Although Comey did not specify any individual Americans, the congressional representatives were less hesitant. Amongst those named were Paul Manafort (a political consultant with Black, Manafort, Stone and Kelly),  Carter Page (an oil industry consultant who was named as a member of Trump’s foreign policy team during the 2016 campaign), and Michael Flynn, all of whom contributed significantly to Trump’s campaign style and process.

During the inquiry, Representative Adam Schiff (CA-D) posited a timeline of events. Per Schiff, the Steele dossier (drafted by former British intelligence agent Christopher Steele) strongly indicated that Paul Manafort was responsible for approving Carter Page’s meeting with Russian actors during a trip to Moscow in July of 2016.[2] It was during this meeting between Page and Russian representatives that a bargain was struck wherein the Trump campaign would receive “documents damaging to Hillary Clinton which the Russians would publish through an outlet that gives them deniability like WikiLeaks,” in exchange for “a Trump administration policy that de-emphasizes Russia’s invasion of Ukraine and instead focuses on criticizing NATO countries for not paying their fair share.”[3]

Schiff also named Michael Flynn in the inquiry, stating that he was involved in “a secret conversation with [Russian] Ambassador Kislyak, about sanctions imposed by President Obama on Russia over attacking designed to help the Trump campaign.” Assured by Flynn that such a conversation never occurred, Vice President Pence assures “the country that… no such conversation ever happened.” Despite this assurance, “the president is informed that Flynn has lied and Pence has misled the country…” and two weeks later, “the press reveals that Flynn has lied and the president is forced to fire Mr. Flynn.”[4] Although Comey was unwilling to discuss any individuals or any active investigations, Michael Flynn was repeatedly addressed throughout the investigation as a person of interest who had questionable ties to Russia during and after the 2016 campaign season.

 

The Meetings

 

Michael Flynn was perhaps the most high-profile member of the congressional inquiry due to his removal by the president only a few weeks after taking the position. When it was thusly revealed that President Trump conducted a private conversation with then-Director James Comey – wherein the investigation into Michael Flynn was addressed – it was naturally a hot-button issue in the press and beyond. According to former Director Comey’s testimony in June 8th, during a meeting of president Trump’s staff in the oval office on February 14th, the president requested to speak with Comey in private. Memos maintained by the former Director that were read aloud to reporters from The New York Times highlighted that it was during this conversation that president Trump stated, “I hope you can see your way clear to letting this go, to letting Flynn go.”[5] Despite this request the investigation of Flynn’s misconduct continued – a decision which had serious consequences for Comey.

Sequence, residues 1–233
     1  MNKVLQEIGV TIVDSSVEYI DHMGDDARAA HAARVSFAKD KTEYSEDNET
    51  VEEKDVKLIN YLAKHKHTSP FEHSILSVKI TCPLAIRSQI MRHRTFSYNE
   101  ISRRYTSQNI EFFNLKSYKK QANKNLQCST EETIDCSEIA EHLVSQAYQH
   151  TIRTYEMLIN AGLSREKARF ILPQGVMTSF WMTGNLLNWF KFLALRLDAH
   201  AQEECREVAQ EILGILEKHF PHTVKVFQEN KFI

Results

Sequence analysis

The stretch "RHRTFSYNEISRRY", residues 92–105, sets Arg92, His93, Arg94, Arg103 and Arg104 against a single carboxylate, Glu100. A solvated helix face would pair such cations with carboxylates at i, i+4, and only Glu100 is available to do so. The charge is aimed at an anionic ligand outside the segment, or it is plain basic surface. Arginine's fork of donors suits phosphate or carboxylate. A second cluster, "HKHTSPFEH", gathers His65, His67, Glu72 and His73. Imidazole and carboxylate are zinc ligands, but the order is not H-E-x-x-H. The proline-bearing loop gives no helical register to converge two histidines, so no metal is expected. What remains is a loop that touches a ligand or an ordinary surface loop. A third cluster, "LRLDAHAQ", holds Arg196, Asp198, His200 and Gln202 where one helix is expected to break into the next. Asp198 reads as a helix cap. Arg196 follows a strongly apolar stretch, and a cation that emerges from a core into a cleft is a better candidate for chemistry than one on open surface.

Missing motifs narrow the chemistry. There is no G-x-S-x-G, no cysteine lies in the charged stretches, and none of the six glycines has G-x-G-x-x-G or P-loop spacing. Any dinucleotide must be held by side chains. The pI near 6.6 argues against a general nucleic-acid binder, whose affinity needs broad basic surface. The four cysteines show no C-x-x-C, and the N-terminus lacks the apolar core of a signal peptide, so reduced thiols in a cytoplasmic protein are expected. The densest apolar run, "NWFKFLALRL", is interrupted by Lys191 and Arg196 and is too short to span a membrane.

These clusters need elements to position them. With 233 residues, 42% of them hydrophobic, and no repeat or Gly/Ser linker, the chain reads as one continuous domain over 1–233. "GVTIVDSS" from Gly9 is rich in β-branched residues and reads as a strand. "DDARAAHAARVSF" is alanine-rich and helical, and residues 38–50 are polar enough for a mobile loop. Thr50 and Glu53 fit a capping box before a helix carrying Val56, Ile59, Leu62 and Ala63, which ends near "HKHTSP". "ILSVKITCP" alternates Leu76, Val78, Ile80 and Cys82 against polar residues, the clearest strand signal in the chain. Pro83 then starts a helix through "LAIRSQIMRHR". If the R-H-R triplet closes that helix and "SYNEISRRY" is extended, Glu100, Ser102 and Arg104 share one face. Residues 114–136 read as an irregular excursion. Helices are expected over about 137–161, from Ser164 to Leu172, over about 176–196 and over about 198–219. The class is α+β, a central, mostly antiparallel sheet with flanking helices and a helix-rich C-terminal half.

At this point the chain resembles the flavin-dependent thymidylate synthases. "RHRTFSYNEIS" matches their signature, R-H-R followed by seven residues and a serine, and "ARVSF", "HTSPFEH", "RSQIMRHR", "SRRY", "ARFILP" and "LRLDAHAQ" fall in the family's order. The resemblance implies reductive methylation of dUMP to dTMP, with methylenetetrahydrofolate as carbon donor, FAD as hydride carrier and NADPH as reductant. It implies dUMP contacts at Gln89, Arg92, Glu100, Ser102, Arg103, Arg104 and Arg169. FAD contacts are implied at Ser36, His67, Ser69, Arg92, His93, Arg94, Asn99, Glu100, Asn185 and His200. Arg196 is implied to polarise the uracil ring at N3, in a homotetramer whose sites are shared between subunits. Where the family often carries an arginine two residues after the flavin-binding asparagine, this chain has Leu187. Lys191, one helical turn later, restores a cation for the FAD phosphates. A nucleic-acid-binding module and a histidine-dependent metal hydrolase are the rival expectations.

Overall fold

On May 9th, 2017, then-Director Comey was fired from his appointed position. In the dismissal letter, president Trump stated that he agreed with “the judgement of the Department of Justice that you are not able to effectively lead the Bureau. It is essential that we find new leadership for the FBI that restores confidence in its vital law enforcement mission.”[6] Comey’s position was never guaranteed, and any sitting president reserves the right to dismiss the director of the FBI without cause. Of critical importance, however, was the subsequent commentary from president Trump provided to NBC news on the issue. In a video interview with Lester Holt, Trump stated “…and in fact when I decided to just do it, I said to myself, I said ‘you know, this Russia thing with Trump and Russia is a made-up story, it’s an excuse by the Democrats for having lost an election that they should have won’.”[7]

What could the president have meant when he asked the former Director to “let Flynn go”? In Comey’s June 8th testimony to congress Comey stated, “I don’t think it’s for me to say whether the conversation I had with the president was an effort to obstruct… that’s a conclusion I’m sure the special counsel will work towards, to try and understand what the intention was there, and whether that’s an offense.”[8] In the minds of both Democrats on the panel and the majority of Americans, the statement is tantamount to a request to drop an active investigation which may have implicated the president or his closest advisors in colluding with a foreign actor in order to win the 2016 election. This conclusion was only reinforced by president Trump’s subsequent statements to Lester Holt, wherein it was clearly articulated that “this Russia thing” was a pertinent issue in his decision to relieve then-Director Comey of his responsibilities. This fact was reiterated on June 8th when Senator Richard Burr (CA-R) asked, “is it possible that, as part of this FBI investigation, the FBI could find evidence of criminality that is not tied to — to the 2016 elections — possible collusion or coordination with Russians?” Comey’s response was succinct: “sure.”[9]